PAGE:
Only a week ago, I made the four-hour drive down to Nashville to spend Thanksgiving with my family. Luckily, my sister’s family from West Virginia made the drive as well, and I was able to spend some time with my nieces—always a highlight of the holiday season for me. After returning to Cincinnati, I got a phone call from my sister making sure I had gotten home safe and letting me know that they were safe and sound in West Virginia. We began talking about the next time we would all be together and ideas for Hanukah presents, when I heard my six-year-old niece in the background yell out, “Yay we’re going to have another Thanksgiving!” We laughed and explained the difference, but after thinking about it some more, I realized that while she may not have intended it, her mistake was not unfounded.
Whether intended or not, the American holiday of Thanksgiving and the Biblical festival of Sukkot share a great deal in common. For one, they are both fall harvest festivals, meant to celebrate and express gratitude for the bountiful crop yielded by the past warm months. As such, they lead us to come together as families and communities to remember that the world around us not only provides sustenance, but also that no harvest should be enjoyed without the warm company of those we love. For Americans and Jews alike, this also means recalling times when the roof over our head and food on our table were not a given—times when our ancestors fled their homelands in search of opportunity for their future descendants. Sukkot and Thanksgiving are times of gratitude, feasting, and family while remembering our humble beginnings.
The thematic connection between Thanksgiving and Sukkot seems largely self-evident, but the connection between Hanukah and Sukkot often goes largely unnoticed. Both are eight-day festivals and both mandate certain liturgical practices in traditional communities—namely the full recitation of hallel (a collection of passages from Psalms) throughout the eight days. If we recall the Hanukah story, we will remember that the festival celebrates the rededication (chanukah) of the Temple in Jerusalem. Without a functioning Temple, our ancestors were unable to observe Biblically-mandated festivals like Sukkot. Therefore, many scholars argue that the festival of Hanukah originated as both a celebration of the military victory of the Hasmoneans as well as a late observance of Sukkot after the rededication of the Temple. Regardless, as we read in tractate Shabbat 21b of the Babylonian Talmud, it is a time of hallel (praise) and hoda’ah (thanksgiving).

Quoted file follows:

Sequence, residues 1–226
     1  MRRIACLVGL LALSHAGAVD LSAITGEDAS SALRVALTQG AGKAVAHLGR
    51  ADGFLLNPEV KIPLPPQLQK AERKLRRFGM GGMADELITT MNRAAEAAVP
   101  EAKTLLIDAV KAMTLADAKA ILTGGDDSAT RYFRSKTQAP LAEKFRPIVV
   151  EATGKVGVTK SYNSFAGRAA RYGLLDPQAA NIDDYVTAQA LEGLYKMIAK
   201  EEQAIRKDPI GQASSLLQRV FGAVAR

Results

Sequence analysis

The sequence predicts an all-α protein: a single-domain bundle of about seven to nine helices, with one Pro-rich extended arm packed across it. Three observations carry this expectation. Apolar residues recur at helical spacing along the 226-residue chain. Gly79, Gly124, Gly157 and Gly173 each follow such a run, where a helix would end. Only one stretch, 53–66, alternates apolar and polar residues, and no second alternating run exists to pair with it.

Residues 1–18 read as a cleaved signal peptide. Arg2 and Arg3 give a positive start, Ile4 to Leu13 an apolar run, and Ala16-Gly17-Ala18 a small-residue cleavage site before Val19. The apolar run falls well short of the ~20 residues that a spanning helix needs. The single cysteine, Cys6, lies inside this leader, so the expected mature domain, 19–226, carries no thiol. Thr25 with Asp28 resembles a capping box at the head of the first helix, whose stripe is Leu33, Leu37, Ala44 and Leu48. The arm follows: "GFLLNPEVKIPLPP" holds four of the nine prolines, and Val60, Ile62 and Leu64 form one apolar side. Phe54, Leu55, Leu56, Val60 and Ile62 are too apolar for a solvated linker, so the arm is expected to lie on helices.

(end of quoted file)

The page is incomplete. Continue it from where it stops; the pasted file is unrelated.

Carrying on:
As we continue through this season of thanksgiving and praise, let us continue to recall all for which we are thankful in our lives. Whether it is the bounty of the land we celebrate on Sukkot or the freedom to practice our tradition without persecution on the upcoming holiday of Hanukah, may we offer our sincerest gratitude both in word and in deed. May we also take note of those for whom the holiday season is a time of great difficulty and uncertainty. We need only recall the stories of our ancestors to remember that the freedoms and bounty we enjoy should also extend to all in our larger community.
Wishing everyone a Happy and Warm Hanukah!
Ross Z. Levy, Student Rabbi